Monday, November 28, 2011

Zappos after the Case

After reading the case, I was curious about the answers to some of the study questions as well as how things turned out for the company. I've ordered shoes from them before, so I knew that they were still in business. However, I never really knew much about them or the how well they were doing.

The case authors were correct in saying that 2008 would be a challenging year for Even though the company was able to reach their projected sales figure of $1 billion, they had to lay off eight percent of their employees. For most companies this would merely be a casualty of doing business in lean time, but for it was a hard pill to swallow since the company is so geared towards creating a good experience for their employees and thereby their customers. This can be seen in the two previous links as well as other posts on the CEO/COO blog (which is a great concept on its own for keeping employees and customers "in the loop" and is a great illustration of the company's transparency policy).

It seems that in order to better serve their customers while facing the economic realities of decreasing growth, moved towards greater automation in their warehouse facilities, as the case mentions. The authors talked about the use of conveyors and carousels, however I found this video that better details how the company began to use Kiva warehouse robots in 2008. The robots (and the Kiva system, in general) seem to allow the company to fill more orders, in a shorter amount of time with less people. In other words, this was another way they were able to give their customers better service by creating efficiencies in and dealing creatively with their supply chain.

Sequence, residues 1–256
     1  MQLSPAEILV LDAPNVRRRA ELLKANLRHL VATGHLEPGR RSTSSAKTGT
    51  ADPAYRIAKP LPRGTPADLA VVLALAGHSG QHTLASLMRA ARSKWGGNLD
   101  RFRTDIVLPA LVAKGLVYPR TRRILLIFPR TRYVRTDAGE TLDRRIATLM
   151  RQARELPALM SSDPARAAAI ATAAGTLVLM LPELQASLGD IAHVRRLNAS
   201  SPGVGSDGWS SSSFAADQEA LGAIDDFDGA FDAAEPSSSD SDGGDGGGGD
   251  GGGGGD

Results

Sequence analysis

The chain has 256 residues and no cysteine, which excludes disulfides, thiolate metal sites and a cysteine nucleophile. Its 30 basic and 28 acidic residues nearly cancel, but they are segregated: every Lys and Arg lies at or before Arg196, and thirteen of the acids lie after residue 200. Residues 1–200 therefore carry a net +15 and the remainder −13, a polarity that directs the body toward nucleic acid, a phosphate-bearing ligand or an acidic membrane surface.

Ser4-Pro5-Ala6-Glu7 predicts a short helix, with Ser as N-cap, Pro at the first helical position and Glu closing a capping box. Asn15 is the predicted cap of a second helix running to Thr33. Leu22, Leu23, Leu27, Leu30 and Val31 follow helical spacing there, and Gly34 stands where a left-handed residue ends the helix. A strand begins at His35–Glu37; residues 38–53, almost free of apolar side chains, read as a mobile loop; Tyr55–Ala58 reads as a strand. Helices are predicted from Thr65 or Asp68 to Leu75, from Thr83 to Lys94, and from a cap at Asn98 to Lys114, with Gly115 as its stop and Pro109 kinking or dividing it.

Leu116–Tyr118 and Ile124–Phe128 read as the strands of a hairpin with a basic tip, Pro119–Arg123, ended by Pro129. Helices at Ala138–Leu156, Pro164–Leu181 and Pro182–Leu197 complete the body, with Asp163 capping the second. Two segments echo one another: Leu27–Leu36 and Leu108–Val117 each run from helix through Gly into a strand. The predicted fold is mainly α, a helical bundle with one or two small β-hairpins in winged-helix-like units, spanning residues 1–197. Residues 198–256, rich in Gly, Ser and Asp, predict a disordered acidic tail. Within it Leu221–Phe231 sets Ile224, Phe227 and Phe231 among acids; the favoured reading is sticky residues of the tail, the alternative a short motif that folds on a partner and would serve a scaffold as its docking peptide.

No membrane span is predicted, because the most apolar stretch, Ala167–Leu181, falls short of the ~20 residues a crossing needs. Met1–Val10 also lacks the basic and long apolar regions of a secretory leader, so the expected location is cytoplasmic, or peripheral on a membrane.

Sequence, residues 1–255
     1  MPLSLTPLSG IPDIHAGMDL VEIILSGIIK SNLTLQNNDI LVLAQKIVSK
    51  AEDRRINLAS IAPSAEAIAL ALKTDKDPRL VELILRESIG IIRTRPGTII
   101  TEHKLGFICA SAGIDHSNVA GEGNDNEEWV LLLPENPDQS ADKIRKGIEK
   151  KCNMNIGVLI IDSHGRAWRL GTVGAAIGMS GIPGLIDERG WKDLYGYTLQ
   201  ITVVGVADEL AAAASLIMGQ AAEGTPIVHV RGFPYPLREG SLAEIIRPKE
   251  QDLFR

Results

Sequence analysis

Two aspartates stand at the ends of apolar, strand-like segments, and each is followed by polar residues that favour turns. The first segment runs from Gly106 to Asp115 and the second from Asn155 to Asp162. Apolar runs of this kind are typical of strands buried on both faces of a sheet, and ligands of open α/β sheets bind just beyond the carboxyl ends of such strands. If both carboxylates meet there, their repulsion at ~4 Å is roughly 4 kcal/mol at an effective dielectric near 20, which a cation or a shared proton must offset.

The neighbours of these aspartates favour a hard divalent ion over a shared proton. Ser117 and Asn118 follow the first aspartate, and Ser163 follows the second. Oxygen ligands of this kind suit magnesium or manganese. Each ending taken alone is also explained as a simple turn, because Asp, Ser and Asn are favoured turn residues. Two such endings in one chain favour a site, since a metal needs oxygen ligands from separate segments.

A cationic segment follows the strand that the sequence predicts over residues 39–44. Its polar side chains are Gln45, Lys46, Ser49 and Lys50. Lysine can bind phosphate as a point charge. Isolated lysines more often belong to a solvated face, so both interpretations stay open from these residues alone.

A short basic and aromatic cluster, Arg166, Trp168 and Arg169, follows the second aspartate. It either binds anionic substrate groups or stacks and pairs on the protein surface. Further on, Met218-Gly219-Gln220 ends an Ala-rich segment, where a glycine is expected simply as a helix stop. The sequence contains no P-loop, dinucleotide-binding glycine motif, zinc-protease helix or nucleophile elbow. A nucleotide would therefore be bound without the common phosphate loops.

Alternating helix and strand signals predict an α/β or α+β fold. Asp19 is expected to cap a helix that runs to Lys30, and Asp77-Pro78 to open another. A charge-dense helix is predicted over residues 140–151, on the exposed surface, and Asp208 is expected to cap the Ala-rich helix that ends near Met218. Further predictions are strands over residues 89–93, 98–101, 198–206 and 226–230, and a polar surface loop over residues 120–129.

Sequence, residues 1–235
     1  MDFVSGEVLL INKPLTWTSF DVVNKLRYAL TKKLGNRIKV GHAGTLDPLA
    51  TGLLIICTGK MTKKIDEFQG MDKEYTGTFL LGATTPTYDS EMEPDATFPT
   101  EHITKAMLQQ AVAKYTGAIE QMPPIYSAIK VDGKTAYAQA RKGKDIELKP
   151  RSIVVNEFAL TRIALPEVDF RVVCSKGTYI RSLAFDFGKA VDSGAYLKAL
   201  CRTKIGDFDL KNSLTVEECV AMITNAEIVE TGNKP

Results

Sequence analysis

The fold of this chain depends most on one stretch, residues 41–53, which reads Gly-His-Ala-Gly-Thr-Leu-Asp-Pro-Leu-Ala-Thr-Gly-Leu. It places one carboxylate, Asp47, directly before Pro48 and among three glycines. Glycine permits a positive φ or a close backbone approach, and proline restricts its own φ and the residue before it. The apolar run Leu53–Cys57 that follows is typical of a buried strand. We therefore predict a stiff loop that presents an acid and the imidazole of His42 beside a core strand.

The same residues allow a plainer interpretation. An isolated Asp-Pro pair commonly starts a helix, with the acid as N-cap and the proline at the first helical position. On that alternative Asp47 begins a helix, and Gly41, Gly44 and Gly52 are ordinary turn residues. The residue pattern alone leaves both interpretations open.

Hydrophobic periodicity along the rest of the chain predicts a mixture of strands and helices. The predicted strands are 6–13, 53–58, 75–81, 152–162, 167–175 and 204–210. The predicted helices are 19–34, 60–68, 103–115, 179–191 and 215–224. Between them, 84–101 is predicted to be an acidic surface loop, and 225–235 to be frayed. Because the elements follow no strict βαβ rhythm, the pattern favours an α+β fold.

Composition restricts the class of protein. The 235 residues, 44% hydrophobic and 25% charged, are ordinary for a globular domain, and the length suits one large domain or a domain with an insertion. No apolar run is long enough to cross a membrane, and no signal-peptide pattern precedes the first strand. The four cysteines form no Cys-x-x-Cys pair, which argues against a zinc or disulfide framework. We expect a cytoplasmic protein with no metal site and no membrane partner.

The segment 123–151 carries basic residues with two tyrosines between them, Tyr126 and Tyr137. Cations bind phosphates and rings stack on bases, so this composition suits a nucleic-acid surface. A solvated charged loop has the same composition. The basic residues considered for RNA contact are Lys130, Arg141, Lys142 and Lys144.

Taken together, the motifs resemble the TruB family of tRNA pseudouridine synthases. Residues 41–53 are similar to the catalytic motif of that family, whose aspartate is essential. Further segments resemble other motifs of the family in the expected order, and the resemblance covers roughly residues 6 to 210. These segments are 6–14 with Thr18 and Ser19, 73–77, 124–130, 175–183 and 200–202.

What is perhaps most interesting, is that despite the economic downturn and market conditions of 2008, acquired for a reported $1.2 billion in 2010. As part of the acquisition or merger, depending on your point of view, was able to ensure that all of their employees would remain on board, the leadership would remain in place, and they would have the freedom to operate as a separate entity under the umbrella. While these seem like lofty expectations for a merger, it seems that after one year has honored the agreement.

It is worth noting that, as the case alluded to, did end up creating an outpost in Canada. However, they had to close the Canadian operation this past March. It seems that some of the sales agreements and other factors precluded the company from being able to offer Canadian customers the same level of service wants to exemplify.

So it seems rather than expanding to other countries, has focused on its ability to create an exceptional customer experience and exceeding the customer's expectations to grow the business moving forward. In fact, you could even argue that by merging with, has been able to focus even more on the customer experience while utilizing's ability to reach new customers. Do you feel this is the right approach or should they have chosen to focus on other initiatives like the "Powered by"? And does keeping with this approach adhere too closely to the corporate culture to the detriment of expanding the business in other ways (e.g. closing the Canada operation)?

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